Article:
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In The News

All Russian Troops Gone From Kyiv

A demonstrator lays on the ground with his hands tied to protest against the killings in Bucha​, outside the Russian embassy in Warsaw, Poland

A demonstrator lays on the ground with his hands tied to protest against the killings in Bucha, outside the Russian embassy in Warsaw, Poland.

Anne-Sophie Goninet, Bertrand Hauger, Lisa Berdet and Emma Albright

👋 Mhoroi!*

Welcome to Thursday, where the Pentagon says Russian troops have left Kyiv and surrounding areas, Ukraine shows evidence that Russians dug trenches in highly radioactive soil near the Chernobyl nuclear site, and a fossil from the day the dinosaurs died is found. We also take a look at why the once dominant Japanese auto industry has fallen behind in the race to develop electric vehicles.

[*Shona - Zimbabwe]


This is our daily newsletter Worldcrunch Today, a rapid tour of the news of the day from the world's best journalism sources, regardless of language or geography.

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• Russia-Ukraine war update: U.S. officials say Russian troops have fully withdrawn from Ukrainian capital Kyiv and the north of the country. Their main strategy now aims at targeting eastern Ukraine. The Ukrainian army shares drone footage it says shows trenches dug by Russians near the remains of the Chernobyl nuclear power plant, still a highly radioactive area.

• Shell’s Russian losses: Oil giant Shell has revealed it expects to lose $5 billion by offloading its Russian assets as part of plans to leave the country.

China warns against Pelosi visit to Taiwan: A Chinese Foreign Ministry spokesperson said the country would take “strong measures in response to defend national sovereignty and territorial integrity” if U.S. House of Representatives Speaker Nancy Pelosi follows through on reported plans to visit Taiwan next week.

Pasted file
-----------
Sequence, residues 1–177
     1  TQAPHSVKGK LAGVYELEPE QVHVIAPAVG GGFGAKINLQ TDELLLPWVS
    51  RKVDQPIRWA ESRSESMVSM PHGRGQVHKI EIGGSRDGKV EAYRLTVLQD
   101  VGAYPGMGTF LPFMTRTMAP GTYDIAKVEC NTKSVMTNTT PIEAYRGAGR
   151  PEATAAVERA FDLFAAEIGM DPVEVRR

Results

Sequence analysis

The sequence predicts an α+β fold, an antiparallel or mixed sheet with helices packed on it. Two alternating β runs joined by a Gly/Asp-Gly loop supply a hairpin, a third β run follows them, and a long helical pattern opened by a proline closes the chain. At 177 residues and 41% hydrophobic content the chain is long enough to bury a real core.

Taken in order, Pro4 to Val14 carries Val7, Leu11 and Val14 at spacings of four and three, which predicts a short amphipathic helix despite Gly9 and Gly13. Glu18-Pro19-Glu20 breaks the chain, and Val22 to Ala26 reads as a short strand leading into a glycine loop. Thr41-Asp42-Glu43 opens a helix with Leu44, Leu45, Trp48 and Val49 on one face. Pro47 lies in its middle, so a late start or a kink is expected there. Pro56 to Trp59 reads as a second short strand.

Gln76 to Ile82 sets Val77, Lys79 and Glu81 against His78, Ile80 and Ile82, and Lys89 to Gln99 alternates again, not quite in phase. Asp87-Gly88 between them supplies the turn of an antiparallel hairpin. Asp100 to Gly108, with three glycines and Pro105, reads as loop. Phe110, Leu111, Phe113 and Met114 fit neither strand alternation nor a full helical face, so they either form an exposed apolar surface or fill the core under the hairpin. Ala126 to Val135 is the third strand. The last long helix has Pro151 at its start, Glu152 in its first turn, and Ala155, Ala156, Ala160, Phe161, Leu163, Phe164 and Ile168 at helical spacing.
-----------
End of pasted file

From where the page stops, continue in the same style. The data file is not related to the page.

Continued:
• Yemen’s president hands over power to council: Yemen’s President Abd-Rabbu Mansour Haddi says he has delegated his own presidential power to a council and has dismissed Vice-President Ali Mohsen al-Ahmar. The move, together with major aid pledges from Saudi Arabia, are seen as a hopeful sign of resolution to the seven-year civil war with Iranian-backed Houthis.

• Khashoggi trial transferred to Saudi Arabia: Turkey has ruled a halt to the Jamal Khashoggi trial and transfer to Saudi Arabia as 26 Saudis suspects were absent from the Istanbul court. Washington Post columnist Jamal Khashoggi was killed on October 2, 2018 inside the Saudi consulate in Istanbul. Khashoggi’s fiance said she would appeal this decision.

• Thousands evacuated in Sydney: Evacuation orders have been issued as major floodings are threatening Sydney suburbs, putting inhabitants at risk and inundating the roads.

Dinosaur “killed on day the asteroid hit” found:Scientists unearthed the leg fossil of a Thescelosaurus that was killed on an asteroid strike that eliminated most species living on Earth, 66 million years ago in Tanis fossil site in North Dakota, U.S. Remains of the deadly asteroid were also discovered nearby.


"Child trafficking" is the title of today’s Italian newspaper La Repubblica. NGOs are worried that more and more minors are disappearing in Ukraine thus the risk of sexual exploitation increasing.



With the rise of COVID-19 infections, tourism in China has plummeted. During this week’s Qingming festival, a three-day holiday, tourists spent 30.9% less than last year amid major new lockdowns and travel restrictions.


Why Japan's auto industry can't keep pace with the electric vehicle revolution

The "Made in Japan" label used to be a mark of progress, but Japanese manufacturing has declined rapidly. Now, the automobile industry, the last bastion of the country's technology, has fallen behind in the transition to electric vehicles, reports Daisuke Kondo in weekly Chinese-language newspaper Economic Observer.